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ZION NATIONAL PARK — The Condor Recovery Program just confirmed its 1,000th California condor chick, a member of an extremely endangered species which has slowly been reintroduced to the American West over the past four decades.
Zion National Park’s biologists discovered a California condor nest with a chick in it near Angel’s Landing, according to a National Park Service press release. The chick is the product of efforts from citizens, government, biologists and other agencies all dedicated to keeping these magnificent birds alive and soaring.
There were only 22 California condors left on the planet in 1982, according to the press release. Due to the rapid decline, those condors still alive in the wild were captured and taken into captivity for safekeeping.
Captivity of the rare birds led to a captive breeding program, which has paved the way to reintroducing these endangered birds back into the wild, according to the press release. They began reintroducing the birds to the wild in 1992, and then again in 1996 in both California and Arizona, and have continued introductions throughout the 21st century.
“After over two decades of efforts to restore condors to the Southwest, it is nice to take a moment to reflect on the steady and slow progress made and thank those who have contributed so much, like Zion National Park, to see this effort through,” Chris Parish, director of conservation for The Peregrine Fund, said in the press release. “We have a long way to go, but today we celebrate this milestone.”
Each confirmed California condor both in the wild and in captivity is given a “studbook number” to keep track of them throughout their lives, and Zion’s new chick was the 1,000th, according to the press release. The total population of California condors currently alive in the wild is 500, marking a milestone that shows great progress toward recovery for the species.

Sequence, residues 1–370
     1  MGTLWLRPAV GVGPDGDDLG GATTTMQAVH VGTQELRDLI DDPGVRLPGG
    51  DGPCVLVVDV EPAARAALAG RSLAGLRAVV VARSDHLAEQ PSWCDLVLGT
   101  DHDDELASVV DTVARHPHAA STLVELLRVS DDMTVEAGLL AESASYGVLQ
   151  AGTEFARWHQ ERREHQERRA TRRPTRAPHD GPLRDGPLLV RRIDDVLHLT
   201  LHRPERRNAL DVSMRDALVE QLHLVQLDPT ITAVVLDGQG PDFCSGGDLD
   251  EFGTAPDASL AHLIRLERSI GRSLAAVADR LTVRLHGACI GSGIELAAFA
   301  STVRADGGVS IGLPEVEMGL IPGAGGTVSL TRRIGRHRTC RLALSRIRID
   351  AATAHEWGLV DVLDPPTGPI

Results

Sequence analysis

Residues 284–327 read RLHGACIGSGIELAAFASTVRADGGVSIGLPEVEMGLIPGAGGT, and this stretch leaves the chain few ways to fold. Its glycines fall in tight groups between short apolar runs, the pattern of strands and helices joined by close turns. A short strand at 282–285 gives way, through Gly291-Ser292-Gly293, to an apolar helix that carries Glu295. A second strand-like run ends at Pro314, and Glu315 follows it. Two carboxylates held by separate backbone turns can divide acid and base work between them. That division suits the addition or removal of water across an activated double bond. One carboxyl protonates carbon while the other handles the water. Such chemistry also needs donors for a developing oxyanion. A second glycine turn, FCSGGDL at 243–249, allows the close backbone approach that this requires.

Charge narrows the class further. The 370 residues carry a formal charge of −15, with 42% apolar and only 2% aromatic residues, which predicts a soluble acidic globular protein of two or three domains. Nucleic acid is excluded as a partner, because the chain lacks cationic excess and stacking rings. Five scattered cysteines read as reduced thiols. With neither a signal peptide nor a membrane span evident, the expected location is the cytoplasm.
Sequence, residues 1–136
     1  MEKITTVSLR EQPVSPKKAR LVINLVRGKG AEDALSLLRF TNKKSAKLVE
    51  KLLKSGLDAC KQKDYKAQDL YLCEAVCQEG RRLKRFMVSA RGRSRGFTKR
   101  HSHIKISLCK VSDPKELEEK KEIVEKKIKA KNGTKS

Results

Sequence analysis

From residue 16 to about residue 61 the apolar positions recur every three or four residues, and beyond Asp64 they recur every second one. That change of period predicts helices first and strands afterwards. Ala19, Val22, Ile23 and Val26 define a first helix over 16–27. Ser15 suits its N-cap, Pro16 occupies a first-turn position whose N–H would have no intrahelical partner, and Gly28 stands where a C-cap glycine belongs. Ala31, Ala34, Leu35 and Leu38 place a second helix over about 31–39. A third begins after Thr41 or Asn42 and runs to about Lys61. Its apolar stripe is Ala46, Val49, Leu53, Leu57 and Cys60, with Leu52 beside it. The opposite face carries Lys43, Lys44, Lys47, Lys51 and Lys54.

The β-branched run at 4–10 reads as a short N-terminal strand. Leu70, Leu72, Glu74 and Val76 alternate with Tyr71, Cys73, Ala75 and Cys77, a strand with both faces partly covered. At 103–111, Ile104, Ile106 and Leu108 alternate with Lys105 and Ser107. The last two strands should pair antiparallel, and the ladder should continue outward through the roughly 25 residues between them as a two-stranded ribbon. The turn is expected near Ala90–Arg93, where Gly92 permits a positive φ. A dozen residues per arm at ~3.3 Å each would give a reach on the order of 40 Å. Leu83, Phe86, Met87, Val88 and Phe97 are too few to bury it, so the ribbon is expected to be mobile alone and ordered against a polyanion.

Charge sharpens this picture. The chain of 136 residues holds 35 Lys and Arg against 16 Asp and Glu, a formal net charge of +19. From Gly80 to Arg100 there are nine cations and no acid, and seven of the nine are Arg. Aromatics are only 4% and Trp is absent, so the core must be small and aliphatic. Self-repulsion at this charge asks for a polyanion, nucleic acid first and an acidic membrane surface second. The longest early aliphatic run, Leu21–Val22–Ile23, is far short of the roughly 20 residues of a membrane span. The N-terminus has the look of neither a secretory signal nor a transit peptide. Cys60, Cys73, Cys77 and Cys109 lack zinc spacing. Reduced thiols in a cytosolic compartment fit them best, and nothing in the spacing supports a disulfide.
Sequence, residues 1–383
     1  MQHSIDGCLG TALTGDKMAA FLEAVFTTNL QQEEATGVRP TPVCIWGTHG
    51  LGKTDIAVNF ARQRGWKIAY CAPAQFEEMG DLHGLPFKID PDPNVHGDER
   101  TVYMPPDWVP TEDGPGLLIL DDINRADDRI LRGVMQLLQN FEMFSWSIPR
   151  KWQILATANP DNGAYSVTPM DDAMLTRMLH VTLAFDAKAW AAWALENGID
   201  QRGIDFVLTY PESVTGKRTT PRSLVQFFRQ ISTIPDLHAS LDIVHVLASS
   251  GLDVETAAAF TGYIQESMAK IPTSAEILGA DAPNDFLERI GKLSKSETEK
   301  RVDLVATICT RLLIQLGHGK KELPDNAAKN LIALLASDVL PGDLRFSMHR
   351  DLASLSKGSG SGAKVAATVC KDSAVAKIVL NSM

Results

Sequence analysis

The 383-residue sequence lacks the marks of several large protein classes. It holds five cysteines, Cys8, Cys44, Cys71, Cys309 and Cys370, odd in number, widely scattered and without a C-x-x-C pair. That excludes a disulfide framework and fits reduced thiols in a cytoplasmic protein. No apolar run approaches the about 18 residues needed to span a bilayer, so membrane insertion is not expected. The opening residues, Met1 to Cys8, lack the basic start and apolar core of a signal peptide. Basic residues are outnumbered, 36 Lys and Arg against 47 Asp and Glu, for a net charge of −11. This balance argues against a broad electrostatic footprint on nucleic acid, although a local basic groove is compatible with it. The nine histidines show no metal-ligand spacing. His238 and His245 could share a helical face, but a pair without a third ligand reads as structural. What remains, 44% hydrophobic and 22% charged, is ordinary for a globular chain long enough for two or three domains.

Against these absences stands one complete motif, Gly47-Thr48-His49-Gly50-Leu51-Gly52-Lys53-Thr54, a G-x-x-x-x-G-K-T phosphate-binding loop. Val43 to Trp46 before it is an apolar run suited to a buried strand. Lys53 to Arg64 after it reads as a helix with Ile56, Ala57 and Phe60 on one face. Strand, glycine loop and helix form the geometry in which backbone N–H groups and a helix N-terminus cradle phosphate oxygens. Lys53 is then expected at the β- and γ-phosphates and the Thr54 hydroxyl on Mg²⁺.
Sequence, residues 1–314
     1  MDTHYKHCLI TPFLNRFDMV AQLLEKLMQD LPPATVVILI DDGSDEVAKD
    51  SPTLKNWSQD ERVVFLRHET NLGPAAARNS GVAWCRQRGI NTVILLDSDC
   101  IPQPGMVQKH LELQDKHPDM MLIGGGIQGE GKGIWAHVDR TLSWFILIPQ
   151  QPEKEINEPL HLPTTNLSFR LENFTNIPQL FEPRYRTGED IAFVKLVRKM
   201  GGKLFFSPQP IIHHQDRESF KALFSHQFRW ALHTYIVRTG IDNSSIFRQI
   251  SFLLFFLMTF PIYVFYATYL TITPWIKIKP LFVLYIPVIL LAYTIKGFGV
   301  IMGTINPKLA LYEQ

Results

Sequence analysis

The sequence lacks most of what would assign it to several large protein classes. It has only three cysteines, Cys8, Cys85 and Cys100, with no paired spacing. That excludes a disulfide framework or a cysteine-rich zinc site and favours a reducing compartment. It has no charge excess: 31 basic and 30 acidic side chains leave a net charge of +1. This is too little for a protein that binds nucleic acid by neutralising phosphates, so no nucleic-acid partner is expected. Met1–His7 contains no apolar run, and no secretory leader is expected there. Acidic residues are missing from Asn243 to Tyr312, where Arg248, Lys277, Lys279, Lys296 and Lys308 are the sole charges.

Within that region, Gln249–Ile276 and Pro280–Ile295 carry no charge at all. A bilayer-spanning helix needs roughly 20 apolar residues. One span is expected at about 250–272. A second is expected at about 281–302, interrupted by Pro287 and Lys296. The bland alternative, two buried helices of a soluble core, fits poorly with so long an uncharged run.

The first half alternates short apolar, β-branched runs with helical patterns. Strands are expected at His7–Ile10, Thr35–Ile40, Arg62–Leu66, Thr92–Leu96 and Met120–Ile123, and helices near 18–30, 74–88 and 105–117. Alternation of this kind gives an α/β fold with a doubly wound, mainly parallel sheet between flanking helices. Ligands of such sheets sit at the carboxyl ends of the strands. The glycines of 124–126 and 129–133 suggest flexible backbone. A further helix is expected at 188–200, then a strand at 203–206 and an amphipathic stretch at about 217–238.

The chick’s mother, condor 409, was hatched in captivity at the San Diego Zoo and let go in 2008 at the Vermilion Cliffs National Monument in Arizona, the press release said. The father, condor 523, was also hatched in captivity at The Peregrine Fund’s World Center for Birds of Prey in Boise and was released at the Vermillion Cliffs in 2011.
The two condors have been together since 409’s first mate, condor 377, died of lead poisoning two years ago, the press release said. This chick is her third, but the first two did not fledge successfully.
"We are so excited to hear about this monumental milestone in the condor recovery program," Russ Norvell, Utah Division of Wildlife Resources avian conservation program coordinator, said in the press release. "We also applaud Zion National Park for their great stewardship of these particular birds. We look forward to continued success with all our partners in helping this endangered species."
Forty-thousand years ago, this ancient species would have been seen throughout most of North America scavenging on mammoths and giant sloths, the press release said. They now only cover a small range in Utah, Arizona, California and northern Mexico.
California condors also are only able to hatch one egg every two years as young California condors rely on their parents for food for as long as a year, thus causing them to miss the next breeding season, the press release said. Lead poisoning is the primary cause of condor death and the main obstacle to full recovery for the species, so hunters and organizations are working to reduce the amount of lead in the environment to help increase survival rates.
Learn more about the California condor recovery program here.
Editor's note: The content of this article was taken from a press release sent out by the National Park Service. This is not information gathered by KSL.com reporters.